How do you go about installing water systems on rotational pasture? Provide capability and be willing to relocate water troughs between rotations. Keep paddocks rather small and squarish so the distance to water does not exceed maximum distance. Realize there is a trade-off between trough size and refill rate. Large troughs tend to be in a permanent location. Since they have more storage capacity, the fill rate can be rather slow without the trough being emptied by a thirsty herd. Gravity-fed pipeline is adequate. These permanent troughs often need to have an apron around them to keep soil protected and not end up being a mudhole in wet weather.

Travel distances to water are more likely to exceed optimal maximum distance at least from some paddocks. It is too cost prohibitive to install many of these troughs even if they are made of light-weight material. This also increases travel on some type of laneway. Small troughs can be quickly emptied, so they are better served with a pressurized pipeline system. Refill is almost instantaneous to prevent being emptied and tipped over by a frustrated animal. These troughs are portable (easily moved about), cheaper, and maintain short distances to water more easily as they can be moved to each individual paddock (preferred). One trough is the minimum needed when moving with paddock rotation. Move to new paddock before moving herd. Two troughs are better, they are alternated as the leading and trailing trough as livestock are moved each time.

For continuously stocked pasture, the fix is to offer water at numerous dispersed sites away from other attractants and environmentally sensitive areas, such as streams and seeps.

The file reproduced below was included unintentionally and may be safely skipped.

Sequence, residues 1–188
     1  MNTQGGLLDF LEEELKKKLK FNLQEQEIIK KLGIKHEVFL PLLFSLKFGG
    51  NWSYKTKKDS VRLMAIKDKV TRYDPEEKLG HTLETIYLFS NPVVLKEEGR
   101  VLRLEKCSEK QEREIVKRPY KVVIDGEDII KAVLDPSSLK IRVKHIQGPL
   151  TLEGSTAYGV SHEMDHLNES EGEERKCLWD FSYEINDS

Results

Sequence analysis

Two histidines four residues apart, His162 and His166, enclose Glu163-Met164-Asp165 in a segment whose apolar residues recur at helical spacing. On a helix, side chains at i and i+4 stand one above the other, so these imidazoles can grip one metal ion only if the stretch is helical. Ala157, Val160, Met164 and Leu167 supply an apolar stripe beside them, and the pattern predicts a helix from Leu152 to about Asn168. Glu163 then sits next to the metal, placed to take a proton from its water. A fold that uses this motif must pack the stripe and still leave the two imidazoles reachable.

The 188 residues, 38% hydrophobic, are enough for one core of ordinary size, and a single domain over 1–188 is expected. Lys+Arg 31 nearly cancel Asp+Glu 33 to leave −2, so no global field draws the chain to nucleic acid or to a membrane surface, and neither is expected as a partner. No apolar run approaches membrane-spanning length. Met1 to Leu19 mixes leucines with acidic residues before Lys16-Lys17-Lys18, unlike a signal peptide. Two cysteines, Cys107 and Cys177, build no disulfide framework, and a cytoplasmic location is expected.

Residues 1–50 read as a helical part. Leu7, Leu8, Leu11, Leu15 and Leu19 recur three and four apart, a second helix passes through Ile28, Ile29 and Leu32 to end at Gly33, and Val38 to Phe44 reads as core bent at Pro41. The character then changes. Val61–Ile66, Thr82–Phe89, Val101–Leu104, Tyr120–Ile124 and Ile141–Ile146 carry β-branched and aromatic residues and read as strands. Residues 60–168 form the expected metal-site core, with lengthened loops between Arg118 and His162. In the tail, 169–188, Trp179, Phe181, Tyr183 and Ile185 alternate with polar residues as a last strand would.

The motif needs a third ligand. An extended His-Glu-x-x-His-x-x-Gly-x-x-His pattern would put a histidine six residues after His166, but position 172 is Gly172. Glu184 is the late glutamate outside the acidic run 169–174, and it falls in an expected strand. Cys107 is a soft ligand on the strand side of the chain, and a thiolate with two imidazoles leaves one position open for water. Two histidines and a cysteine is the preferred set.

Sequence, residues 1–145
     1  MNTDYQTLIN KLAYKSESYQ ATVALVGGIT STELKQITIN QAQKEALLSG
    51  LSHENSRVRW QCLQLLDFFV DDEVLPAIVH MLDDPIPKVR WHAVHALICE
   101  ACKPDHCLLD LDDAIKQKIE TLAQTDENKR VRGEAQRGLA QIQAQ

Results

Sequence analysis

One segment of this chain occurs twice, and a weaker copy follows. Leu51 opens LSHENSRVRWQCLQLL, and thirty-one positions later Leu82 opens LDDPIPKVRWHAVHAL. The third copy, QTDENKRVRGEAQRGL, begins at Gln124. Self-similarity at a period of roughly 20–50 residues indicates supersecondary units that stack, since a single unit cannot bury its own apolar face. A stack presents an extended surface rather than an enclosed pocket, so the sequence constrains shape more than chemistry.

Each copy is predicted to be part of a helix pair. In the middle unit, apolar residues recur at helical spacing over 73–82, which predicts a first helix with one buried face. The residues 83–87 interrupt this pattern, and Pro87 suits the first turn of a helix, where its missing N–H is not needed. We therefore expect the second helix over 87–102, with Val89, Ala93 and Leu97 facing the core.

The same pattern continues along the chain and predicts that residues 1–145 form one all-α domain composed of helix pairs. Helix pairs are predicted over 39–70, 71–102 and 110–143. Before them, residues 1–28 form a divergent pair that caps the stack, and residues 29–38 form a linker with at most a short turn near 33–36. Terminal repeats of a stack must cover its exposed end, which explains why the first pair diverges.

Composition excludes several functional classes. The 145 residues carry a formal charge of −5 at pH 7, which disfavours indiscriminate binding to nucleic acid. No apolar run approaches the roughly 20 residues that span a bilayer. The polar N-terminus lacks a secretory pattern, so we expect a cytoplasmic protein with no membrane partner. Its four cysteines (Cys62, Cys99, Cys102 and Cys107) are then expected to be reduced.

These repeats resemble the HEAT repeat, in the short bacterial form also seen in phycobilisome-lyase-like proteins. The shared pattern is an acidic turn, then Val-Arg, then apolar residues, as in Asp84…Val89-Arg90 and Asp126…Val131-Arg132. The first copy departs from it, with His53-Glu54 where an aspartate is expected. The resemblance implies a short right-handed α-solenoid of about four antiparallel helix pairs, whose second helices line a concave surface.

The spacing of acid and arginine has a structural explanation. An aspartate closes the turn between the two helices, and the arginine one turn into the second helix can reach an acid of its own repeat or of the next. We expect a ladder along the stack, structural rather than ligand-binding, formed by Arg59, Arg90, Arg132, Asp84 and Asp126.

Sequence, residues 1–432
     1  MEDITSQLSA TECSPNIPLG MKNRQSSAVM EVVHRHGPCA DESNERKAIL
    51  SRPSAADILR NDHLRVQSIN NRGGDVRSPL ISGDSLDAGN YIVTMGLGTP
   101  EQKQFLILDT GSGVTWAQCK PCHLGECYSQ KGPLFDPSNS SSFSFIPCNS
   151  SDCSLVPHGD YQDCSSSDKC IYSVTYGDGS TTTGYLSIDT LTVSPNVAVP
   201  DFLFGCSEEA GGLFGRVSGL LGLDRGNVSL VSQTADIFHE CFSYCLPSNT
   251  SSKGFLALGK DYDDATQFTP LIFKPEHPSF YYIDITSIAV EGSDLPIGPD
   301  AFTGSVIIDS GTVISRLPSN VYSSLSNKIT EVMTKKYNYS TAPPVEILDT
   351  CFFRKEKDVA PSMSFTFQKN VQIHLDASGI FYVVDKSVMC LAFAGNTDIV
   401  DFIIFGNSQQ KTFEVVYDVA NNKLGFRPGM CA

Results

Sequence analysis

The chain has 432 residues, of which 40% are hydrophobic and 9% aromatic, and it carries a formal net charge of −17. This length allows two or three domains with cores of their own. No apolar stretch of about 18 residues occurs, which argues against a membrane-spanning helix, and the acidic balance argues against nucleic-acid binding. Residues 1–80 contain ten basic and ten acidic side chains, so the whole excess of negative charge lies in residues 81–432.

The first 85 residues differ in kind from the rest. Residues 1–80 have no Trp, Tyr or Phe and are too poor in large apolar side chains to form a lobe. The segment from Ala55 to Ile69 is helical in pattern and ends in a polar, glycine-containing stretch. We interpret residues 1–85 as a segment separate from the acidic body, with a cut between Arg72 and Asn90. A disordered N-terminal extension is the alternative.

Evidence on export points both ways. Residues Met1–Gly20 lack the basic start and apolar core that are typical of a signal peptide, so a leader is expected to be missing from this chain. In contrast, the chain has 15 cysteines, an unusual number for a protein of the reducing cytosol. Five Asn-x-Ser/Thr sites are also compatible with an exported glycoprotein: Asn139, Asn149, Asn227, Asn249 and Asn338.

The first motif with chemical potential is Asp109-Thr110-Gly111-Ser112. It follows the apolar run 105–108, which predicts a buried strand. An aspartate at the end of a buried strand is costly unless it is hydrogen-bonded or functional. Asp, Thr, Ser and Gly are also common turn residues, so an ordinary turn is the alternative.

Average daily water intake for dairy replacement heifers on an intensive rotational pasture was 7.9 gallons per head in a study conducted in New York State in 1999. However, it varied from less than 2 gallons per day to almost 16 gallons due changes in temperature, rainfall, and cloud cover over a 56-day period. Pastured dairy livestock can drink from four primary sources, back at the farmstead at milking time, from the pasture water system, the pasture forage consumed (80% water), and from dew, rain, and frost or snow. Dairy cow peak demand for water is right after milking. Heat stress drives intake.

Water systems can vary based on developable sources of water and their elevation in relation to the paddocks being served. Where ponds or springs can be brought into service with a reliable season-long flow, gravity water flow is ideal with sufficient hydraulic head to deliver enough water to keep a trough full. However, a well and a pressurized system may be all that can be used to deliver a consistent, reliable flow rate. Well log information in New York is used to determine flow rate in gallons per minute deliverable to the trough furthest away. Peak instantaneous demand must be met. For lactating dairy cows this is 1 gallon per minute per 10 cows producing 80# of milk daily. Using that as a target, these elements must be determined: minimum flow, minimum pressure, pipe size, and trough capacity.

Once the source of water is decided upon, the design of the distribution network is next. A distribution network has these elements:

  • Pipelines
  • Line Valves
  • Watering Connection Points
  • Back-flow Prevention Devices

All components should present minimal resistance to targeted flow needed at the trough.